The other stories in the collection provide comparative relief, drawn as they are from Jhabvala’s more recent landscapes: the art and film worlds of New York and Los Angeles. She explores complex relationships with a light touch: between a young woman singer and her older, possessive lady agent in “Talent”; between a young actress and a famous, middle-aged critic in “Critic”; between an ageing Californian beauty and an impoverished young Indian immigrant in “Pagans”; and between a film producer and a half-Indian brother-sister team in “The New Messiah”. The stories are loosely structured and rambling, but kept afloat by an underlying, and somewhat ambiguous, sexual tension. It is only in “The Teacher” that there is a convincing twist in the tale, and here, too, Jhabvala relies on a stock character - a half-Indian con man posing as a guru who breaks into the loneliness of a woman living in upstate New York, intrigues her with his spiritual pretensions, unsettles her world and then deceives her with a simple act of theft.

To be fair, Jhabvala has never pretended to have got under India’s unfamiliar skin; “you don’t give your whole allegiance to a place”, she has been quoted as saying, “or want to be entirely identified with the society you’re living in”. This is the outsider’s sensibility that informs her observations of an India still sunk under a Raj hangover: its colonial clubs and bungalows still magnificent, its yellow and black Somerset, Morris and Austin taxis, its searing summers and torrential rains. She met its early politicians, businessmen, brown sahib civil servants, as well as the lowermiddle-class clerk and teacher, the beggar and the cow, the Englishmen and women who chose to stay behind, the genuine gurus and the con men waiting for a distraught, preferably female, seeker from the West. The result was a series of competent, ironic comedies of manners - The Householder, A Backward Place, Esmond in India - in which Jhabvala explored this India and its middle-class ambitions, institutions and prejudices. What distinguished these books was her eye for the telling detail of the Indian scene - of dress and jewellery, of food and fauna, of the changing seasons.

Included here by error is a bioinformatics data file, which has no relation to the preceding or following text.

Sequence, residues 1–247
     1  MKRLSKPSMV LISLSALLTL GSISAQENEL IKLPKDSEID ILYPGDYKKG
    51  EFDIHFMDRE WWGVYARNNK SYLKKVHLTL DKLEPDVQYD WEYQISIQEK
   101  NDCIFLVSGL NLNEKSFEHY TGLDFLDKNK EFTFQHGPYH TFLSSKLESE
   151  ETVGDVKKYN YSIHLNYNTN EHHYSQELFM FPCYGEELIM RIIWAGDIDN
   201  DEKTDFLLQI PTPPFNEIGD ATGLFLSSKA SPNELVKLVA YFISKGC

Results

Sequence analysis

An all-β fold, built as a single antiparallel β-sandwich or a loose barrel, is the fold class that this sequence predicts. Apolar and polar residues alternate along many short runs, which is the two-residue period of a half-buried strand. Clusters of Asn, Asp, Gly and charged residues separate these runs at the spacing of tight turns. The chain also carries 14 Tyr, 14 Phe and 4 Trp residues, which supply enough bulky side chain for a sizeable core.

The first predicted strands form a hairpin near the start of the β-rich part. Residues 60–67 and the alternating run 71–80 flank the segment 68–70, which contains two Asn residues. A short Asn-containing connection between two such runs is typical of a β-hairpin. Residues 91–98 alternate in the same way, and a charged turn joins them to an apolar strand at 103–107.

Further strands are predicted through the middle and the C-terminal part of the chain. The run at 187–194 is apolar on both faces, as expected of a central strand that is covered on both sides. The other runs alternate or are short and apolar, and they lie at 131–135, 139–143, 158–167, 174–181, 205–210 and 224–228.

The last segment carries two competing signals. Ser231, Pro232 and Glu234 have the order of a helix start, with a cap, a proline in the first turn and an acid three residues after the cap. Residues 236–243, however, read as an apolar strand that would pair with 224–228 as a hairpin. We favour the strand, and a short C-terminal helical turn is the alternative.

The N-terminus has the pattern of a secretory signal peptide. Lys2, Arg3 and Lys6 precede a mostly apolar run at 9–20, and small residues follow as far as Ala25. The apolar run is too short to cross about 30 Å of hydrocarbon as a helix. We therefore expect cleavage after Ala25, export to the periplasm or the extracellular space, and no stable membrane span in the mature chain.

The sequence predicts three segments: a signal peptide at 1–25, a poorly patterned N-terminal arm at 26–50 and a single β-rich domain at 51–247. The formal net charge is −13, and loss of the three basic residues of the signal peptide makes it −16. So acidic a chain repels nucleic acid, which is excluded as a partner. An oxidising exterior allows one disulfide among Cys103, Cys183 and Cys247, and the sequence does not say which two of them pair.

Yet her plots and characterization remained those of the drawing-room miniaturist. She seemed to shy away from plumbing the emotions and souls of the people she was writing about. (In fact, Jhabvala has admitted that “I described the Indian scene not for its own sake but for mine ...”.) One might as well be watching a party scene in an Indian movie of the 1960s where the hero serenades a reluctant heroine in an art-deco drawing room; there is the grand piano, the curving staircase, the Westernized guests in bow ties holding their wine glasses, among them a couple of silver-haired jolly Anglo-Indians, an Indian in a Nehru jacket, a pouting vamp, a tall turbaned Sikh and at least two foreigners, one preferably a blonde.

Even Jhabvala’s most successful Indian work, Heat and Dust, reads today as little more than a trite and, worse, a supposedly sympathetic evocation of India’s exotica, with its account of a hippie English girl coming out to India in pursuit of the truth about her colonial grandfather’s first wife, who ran off with an attractive native nawab. She takes a room in the house of lowly government official, sleeps with him intermittently, hobnobs with his wife and mother, fusses over beggars and monkeys and tries out primitive abortion methods. The flashback of the ancestor’s romance with the nawab is superficial, without any serious attempt to explore the torture, the contradictions, or the obsessive nature of a grand passion that would have led an Englishwoman in the early twentieth century to abandon all she had grown up with for an exotic stranger. It is no surprise, however, that it won the Booker in the mid-1970s: there were very few Indian voices writing in English as insiders to whom Western readers had access. So Ruth Prawer Jhabvala, with her Indian-sounding name, provided a convenient window into India, and her success was ensured by the Ivory-Merchant films. Sadly these films may be the only part of her Indian oeuvre to survive.